Churches of all kinds

The White Horse Inn in Sutton near Petworth, was a lovely country pub with obviously a lot of history.  Breakfast was substantially delicious and set us up for the day.  The Landlord told us to take a different route towards Winchester rather than the suggested GPS route.  So again we headed off through narrow country lanes across some lovely countryside and through some very pretty villages. 

We both made the observation that the English countryside is really what we expected to see, due probably to reading lots of books over the years which accurately describe village life and the countryside.

After Winchester we headed across country to Salisbury where we went to the cathedral.  We have seen the odd church or two on our travels, even if not being of religious persuasion, however it was a pleasant surprise to go inside this cathedral and see some wonderful architecture, without all the “bling”.   No photography was allowed within the cathedral nor in the area where the copy of the Magna Carta is kept, so here are some exterior shots and we bought booklets showing the interior and Magna Carta

salisbury 3Gate entrance to the Cathedral surrounds

salisbury 2Salisbury Cathedral

salisbury 4The spire from within the cloisters

cloister archesThe cloisters ceiling

salisbury 1The southern entrance

salisbury 5View across the cloisters

After wandering through we headed off round the grounds.  Roy decided to check out the town for a camera shop, Bernice was very sceptical that anything would be open being Sunday plus with it being New Year weekend.  However, Roy did find a shop, and purchased a new camera to replace the one with the damaged screen.

fishingCoarse fishing in the middle of Salisbury

shop 1Old half timbered buildings are quite common in the centre

shop 2This one has somewhat of a wavy floor level above the ground level

shop 3Here is a typical overhanging building stepped out across the street at two levels

doubleDoubledecker buses are the norm in Salisbury

That done, we then headed off to Old Sarum where we saw the ruins of the first Salisbury cathedral.

sarum 2This is a model displayed at Salisbury showing Old Sarum in it’s prime

Having set the GPS we arrived in the middle of nowhere with no indication of an entrance and confronted by a steep public walking track leading up a hill.  Roy  took to the hill and on arrival at the top found himself confronted by a very steep deep ditch.  Walked around a reasonable distance and found someone on the other side taking pictures, much arm waving and yelling later was pointed in the right direction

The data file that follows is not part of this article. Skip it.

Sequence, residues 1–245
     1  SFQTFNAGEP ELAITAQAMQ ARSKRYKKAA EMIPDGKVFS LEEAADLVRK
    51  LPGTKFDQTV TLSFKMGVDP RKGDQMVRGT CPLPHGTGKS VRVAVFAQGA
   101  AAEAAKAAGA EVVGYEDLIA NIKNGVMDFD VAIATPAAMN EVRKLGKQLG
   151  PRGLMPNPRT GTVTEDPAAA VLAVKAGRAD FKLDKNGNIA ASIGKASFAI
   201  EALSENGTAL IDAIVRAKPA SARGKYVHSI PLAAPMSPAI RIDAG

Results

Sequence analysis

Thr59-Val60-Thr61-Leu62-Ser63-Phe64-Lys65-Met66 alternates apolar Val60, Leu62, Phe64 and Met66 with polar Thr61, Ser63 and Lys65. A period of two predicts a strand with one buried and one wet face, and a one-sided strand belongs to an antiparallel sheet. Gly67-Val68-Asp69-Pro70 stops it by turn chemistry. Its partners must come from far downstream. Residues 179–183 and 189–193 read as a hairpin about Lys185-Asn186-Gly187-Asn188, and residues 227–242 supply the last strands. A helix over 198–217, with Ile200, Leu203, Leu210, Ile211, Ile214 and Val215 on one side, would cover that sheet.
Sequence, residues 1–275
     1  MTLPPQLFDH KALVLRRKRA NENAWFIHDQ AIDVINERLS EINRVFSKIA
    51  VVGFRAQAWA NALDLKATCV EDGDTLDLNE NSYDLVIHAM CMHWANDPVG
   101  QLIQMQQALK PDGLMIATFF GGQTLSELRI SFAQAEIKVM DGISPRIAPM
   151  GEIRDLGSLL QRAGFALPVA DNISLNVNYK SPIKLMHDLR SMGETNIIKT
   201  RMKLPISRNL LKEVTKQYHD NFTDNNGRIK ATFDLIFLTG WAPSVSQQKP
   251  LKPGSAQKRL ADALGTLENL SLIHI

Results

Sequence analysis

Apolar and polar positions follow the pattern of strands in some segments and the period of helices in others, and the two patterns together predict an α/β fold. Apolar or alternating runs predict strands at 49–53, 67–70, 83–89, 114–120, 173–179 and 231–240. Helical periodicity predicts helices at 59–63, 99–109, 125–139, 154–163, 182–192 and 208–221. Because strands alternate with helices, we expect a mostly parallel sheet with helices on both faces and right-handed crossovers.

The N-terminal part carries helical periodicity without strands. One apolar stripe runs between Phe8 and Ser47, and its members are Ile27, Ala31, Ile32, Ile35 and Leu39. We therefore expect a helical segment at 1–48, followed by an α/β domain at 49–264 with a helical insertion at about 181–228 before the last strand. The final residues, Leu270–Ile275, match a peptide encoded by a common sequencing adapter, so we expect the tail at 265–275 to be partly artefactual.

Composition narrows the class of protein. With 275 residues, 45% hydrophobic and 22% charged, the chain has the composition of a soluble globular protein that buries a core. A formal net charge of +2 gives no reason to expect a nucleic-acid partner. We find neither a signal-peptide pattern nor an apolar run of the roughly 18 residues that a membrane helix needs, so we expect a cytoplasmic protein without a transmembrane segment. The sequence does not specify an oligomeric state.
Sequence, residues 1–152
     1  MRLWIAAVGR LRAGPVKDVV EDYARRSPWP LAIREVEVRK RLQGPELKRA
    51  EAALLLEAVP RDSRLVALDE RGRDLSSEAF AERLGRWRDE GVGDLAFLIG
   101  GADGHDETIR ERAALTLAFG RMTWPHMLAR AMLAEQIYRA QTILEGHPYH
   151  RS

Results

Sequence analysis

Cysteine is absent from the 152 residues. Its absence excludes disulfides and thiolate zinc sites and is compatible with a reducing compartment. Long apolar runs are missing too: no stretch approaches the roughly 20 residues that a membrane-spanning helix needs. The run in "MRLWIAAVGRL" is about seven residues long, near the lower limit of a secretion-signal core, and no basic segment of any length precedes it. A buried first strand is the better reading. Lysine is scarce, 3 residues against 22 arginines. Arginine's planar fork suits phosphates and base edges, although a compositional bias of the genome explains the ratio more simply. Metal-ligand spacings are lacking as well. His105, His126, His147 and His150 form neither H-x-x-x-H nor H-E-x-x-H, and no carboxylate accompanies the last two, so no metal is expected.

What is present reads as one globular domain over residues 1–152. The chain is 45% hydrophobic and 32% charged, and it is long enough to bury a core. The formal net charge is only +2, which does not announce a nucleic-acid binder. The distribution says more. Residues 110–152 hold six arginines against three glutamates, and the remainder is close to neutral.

outer ditchOuter ditch

pigsView from the heights of large pig farm next to Old Sarum

sarum 8Entrance sign

sarum 6Entrance to ineer area where the King’s castle was

ditch  Ditch over which the entrance bridge passed

sarum 1The site was well documented with these information boards throughout the site

bernice  Bernice with her new camera

roy 1Bernice’s picture

 

sarum 3Cathedral comments

sarum 4Residual outline of the cathedral

Then it was off to Stonehenge, which is possibly another church, for our third of the day!  First impressions were that it was much smaller, in area,  than one imagines.  Notwithstanding that comment the whole site is very impressive.  The audio commentary was well done and gave a good overview.

henge 7 Stonehenge

royListening to the commentary

henge 2Bernice chilled

henge 1 Close up from a different angle                 

However if you really want to get an appreciation of what Stonehenges are all about, and a very good introduction to the astronomical significance, then, we strongly recommend a visit to the New Zealand Stonehenge in the Wairarapa.  This provides a much better experience as far as information is concerned.

We wandered around the site for some time before we headed off to our accommodation for the evening, The Fox Inn at Ansty.  .

trafficTraffic returning toward London at the end of the New Year break

We are not sure if some of you have noticed that we have actively sought out accommodation away from major cities where possible, and in the countryside as much as possible.  This has led us down some very very narrow country lanes, many having signs stating the maximum width of the road, usually around 6 feet 6 inches!

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